The last conversation we had with my grandmother began like this:
“It’s Easter! Have you eaten yet for the holiday?” We had to strain to hear her through the oxygen mask over her face, but she was not deterred by that, or by the extreme stress her heart and lungs were under.
If you knew my Nana, you would not be surprised this was the first thing she said when she opened her eyes and saw us gathered around her hospital bed. The consummate Italian cook and family matriarch, she considered feeding her family the ultimate act of love, of physical and emotional nourishment.
To say her death at 92 was truly a shock is a testament to the indomitable force of nature she was, a feisty, active, sharp, loving, funny, tenacious, and hardworking woman until the very end. If you knew my Nana, you knew how relentless she could be in pursuit of what she believed, how dogged she could be in her role as devoted wife, mother, grandmother, or great-grandmother. Your shoulders would shake with laughter and your eyes would tear a bit as you recounted her latest wild escapade, or heard the most recent “Nana-ism.”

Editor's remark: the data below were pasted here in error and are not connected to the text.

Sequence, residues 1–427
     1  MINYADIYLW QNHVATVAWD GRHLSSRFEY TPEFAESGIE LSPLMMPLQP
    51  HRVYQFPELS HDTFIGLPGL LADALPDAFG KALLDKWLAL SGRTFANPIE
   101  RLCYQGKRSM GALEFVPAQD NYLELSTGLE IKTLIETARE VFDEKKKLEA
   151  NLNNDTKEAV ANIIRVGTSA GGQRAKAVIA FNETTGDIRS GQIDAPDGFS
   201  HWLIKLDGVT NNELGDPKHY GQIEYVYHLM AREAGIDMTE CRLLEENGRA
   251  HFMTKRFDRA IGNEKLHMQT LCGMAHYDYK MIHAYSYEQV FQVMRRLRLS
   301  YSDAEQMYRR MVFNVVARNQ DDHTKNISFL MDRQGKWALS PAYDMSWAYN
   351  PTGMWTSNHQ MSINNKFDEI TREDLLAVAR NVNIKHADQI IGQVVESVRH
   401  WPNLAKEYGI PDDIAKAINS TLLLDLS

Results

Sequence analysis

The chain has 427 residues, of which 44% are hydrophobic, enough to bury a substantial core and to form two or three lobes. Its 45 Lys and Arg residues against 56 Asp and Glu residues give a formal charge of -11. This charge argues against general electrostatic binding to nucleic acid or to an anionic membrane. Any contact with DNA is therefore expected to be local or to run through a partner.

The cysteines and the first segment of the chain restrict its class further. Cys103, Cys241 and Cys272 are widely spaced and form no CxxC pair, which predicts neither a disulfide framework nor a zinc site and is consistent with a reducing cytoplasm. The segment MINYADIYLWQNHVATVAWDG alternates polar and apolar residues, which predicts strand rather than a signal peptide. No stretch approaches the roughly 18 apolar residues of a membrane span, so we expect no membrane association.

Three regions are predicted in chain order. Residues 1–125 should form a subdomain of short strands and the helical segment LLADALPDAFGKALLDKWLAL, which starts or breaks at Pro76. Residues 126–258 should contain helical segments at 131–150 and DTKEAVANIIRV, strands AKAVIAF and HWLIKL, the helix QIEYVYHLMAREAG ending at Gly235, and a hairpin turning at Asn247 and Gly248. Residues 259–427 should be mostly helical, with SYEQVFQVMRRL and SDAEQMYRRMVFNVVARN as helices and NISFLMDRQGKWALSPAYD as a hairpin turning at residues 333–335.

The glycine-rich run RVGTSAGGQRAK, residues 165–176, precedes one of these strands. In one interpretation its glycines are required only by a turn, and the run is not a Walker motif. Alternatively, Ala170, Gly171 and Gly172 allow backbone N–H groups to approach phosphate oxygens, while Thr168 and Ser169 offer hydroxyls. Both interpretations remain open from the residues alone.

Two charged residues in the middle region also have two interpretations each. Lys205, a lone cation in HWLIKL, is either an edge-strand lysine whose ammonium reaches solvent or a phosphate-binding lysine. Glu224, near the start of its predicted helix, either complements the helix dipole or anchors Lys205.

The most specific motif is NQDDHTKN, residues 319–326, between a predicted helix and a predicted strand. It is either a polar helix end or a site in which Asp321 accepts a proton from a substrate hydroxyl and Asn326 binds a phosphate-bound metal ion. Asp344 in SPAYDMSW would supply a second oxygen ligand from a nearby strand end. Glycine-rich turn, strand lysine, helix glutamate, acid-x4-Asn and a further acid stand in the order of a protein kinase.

A force of nature, indeed.
Those of us who know her have all these stories, we catalog them and re-tell them and they are our buffer from the reality of grief, our collective place to land. As one writer likened it, they are our pockets full of gold.
So while I keep them preserved among those who know them and know her best, here’s what I know.
I know she lived, as my husband said, a big life—one filled with sacrifice and sorrow, unquestionably, but one filled with so many relationships, so much love and grace.
I know from every handwritten note or pot of tomato sauce, from every Rosary she prayed for us, or wacky Christmas gift we received, that we were loved. I also know she knew how much she was loved by her family.
We ended every phone call with “I love you.” Two days before she died, I got to hear my daughter say “I love you, Nana” and got to see my Nana’s reaction to it. I know that makes me incredibly fortunate.
The last interaction we had while she was awake was when I held her hand and then kissed it. No words were exchanged in that moment, but she felt it, and it said everything we needed it to.
I know I miss her already.
I know that when I shake my head, smiling, and use the word “relentless” in relation to my daughter’s quest for whatever object or task she is focused on, that I am seeing shades of my grandmother in her.
I know that what I want for our daughter is a big life, too.